For the last several months there have been dispiriting reports of Israeli tourists travelling to the Golan Heights to gaze across the war zone in Syria: as Allison Good put it over at Foreign Policy, “Many Israelis are foregoing the pool or the beach, flocking instead to the Israel-Syria border for a little action.”
There was a thoughtful response to this voyeurism from Paul Woodward at War in Context – make no mistake, this is spectatorship not witnessing, as the video that prefaces his commentary makes clear – in which he suggested a series of ways in which he thought Israelis watching the war through binoculars was significantly different from Americans watching the war on television:
For Israelis the spectacle of regional violence is self-affirming.
It reinforces the idea that Israel is justifiably obsessed with its own security because it is surrounded by a ‘dangerous neighborhood.’
It confirms Ehud Barak’s racist notion that Israel is a villa in a jungle and that tranquility inside this villa can only be afforded by high walls.
It defines neighbors on the basis of their otherness and legitimizes indifference in preference to empathy.
I’m not so sure; there are, sadly, also American constituencies who surely see things the same way.
There are also close parallels between the voyeurs on the Golan Heights (or in this case Lows) and the ‘hill of shame’ from which the international media looked on at the Israeli attack on Gaza in 2009. Here too the media were joined by Israeli tourists with cameras, binoculars and picnics: ‘bombing as spectator sport’, as two angry commentators described it. There’s another personal, passionate report here. For more on watching Gaza, see Peter Lagerquist, ‘Heard on the Hill of Shame’, at MERIP and – absolutely vital, this – David Campbell‘s take, ‘Constructed visibility: photographing the catastrophe of Gaza (2009)’, which can be downloaded through his blog here. And Craig Jones has an excellent article culled from his MA thesis on ‘Shooting Gaza: Israel’s visual war’ in Human Geography 4 (1) (2011): abstract here.
There is also now a developing discussion of the wider, militarized landscape of ‘extreme tourism’ in Israel from Matt Carr at Ceasefire. He pays close attention to the growth of tour companies run by former military officers and settlers, to the inclusion of the illegal settlements on the West Bank in their itineraries, and to the shooting ranges where tourists are encouraged to role play:
The sight of these ignorant, gimlet-eyed tourists in sunglasses and shorts, living out their paramilitary fantasies and teaching even young children to kill imaginary terrorists in a land under Israeli military occupation, is not the most edifying spectacle. But Caliber 3 does not only aim to thrill. Its activities are intended to combine ‘the values of Zionism with the excitement and enjoyment of shooting which makes the activity more meaningful.’ As the school’s director puts it ‘What is key here is not just shooting at targets, but hearing how we fight every day to protect the Jewish state.’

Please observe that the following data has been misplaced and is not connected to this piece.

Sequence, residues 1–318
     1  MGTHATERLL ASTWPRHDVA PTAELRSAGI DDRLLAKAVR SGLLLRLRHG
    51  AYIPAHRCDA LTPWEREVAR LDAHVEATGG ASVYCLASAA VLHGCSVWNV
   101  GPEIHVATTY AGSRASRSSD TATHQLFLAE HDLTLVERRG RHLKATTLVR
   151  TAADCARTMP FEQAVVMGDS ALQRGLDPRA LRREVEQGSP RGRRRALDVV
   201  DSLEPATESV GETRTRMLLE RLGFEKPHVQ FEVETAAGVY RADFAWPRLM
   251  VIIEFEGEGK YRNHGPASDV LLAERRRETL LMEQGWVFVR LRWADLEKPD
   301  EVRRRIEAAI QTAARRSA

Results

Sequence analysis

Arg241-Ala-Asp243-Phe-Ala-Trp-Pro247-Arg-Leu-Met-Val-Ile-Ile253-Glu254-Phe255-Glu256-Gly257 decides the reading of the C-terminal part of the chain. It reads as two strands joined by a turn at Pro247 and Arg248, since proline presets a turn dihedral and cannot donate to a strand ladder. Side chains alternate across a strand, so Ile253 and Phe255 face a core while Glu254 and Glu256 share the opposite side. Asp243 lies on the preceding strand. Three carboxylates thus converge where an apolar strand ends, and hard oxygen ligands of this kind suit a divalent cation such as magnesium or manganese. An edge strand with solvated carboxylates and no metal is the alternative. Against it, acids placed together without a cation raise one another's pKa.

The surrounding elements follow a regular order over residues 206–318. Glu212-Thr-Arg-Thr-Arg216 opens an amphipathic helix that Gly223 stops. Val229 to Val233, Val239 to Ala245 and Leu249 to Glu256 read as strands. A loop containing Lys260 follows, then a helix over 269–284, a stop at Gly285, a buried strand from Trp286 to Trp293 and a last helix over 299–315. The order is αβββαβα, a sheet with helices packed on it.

This can all be embedded in an emerging literature on ‘battlefield tourism’ or ‘war tourism’ – Richard Butler and Wantanee Suntikul have an edited collection, Tourism and war, out from Routledge this summer – but I think it’s more usefully connected to Rebecca Stein‘s pathbreaking work on the politics of tourism, especially her book Itineraries in Conflict: Israelis, Palestinians and the political lives of tourism (Duke University Press, 2008). You can find a more recent report from her, ‘An All-Consuming Occupation’, on the fourth Jerusalem Festival of Light in June 2012 and the wretched history of tourism that was concealed in its glare, at MERIP. She’s also provided an incisive examination of Israeli media coverage of the Gaza war – most eyes have been directed at international coverage – in ‘Impossible witness: Israeli visuality, Palestinian testimony and the Gaza war’, Journal of cultural research 16 (2-3) (2012) 135-53.
Finally, for faint flickers of hope, there’s Caryn Aviv‘s essay on ‘The emergence of alternative Jewish tourism’, European Review of History 18 (1) (2011) 33-43. Here’s the abstract:
This article explores the emergence of ‘alternative Jewish travel’ to the West Bank and within Israel. One programme, aimed at diaspora Jews, reframes religious, cultural, and ethnic Jewish identity to include non-violence and solidarity with Palestinians as part of what it means to be Jewish. Another programme, aimed at Israeli citizens (both Jews and non-Jews), reframes Israeli national identity to include post-Zionist solidarity with Palestinians, but is not necessarily Jewish in any religious or ethnic sense. Alternative Jewish travel programme tours explore complicated questions of justice and nationalism in different ways that reflect their simultaneously local and global positions, who organises them, and how they define Jewishness differently.
In Frames of War: when is life grievable? (2009) Judith Butler offered a series of reflections on other, no less violent visualities than those I have discussed here, but Aviv’s essay is worth reading alongside Butler’s response to the Jewish critics of her richly deserved award of the Adorno Prize by the city of Frankfurt: grace under fire.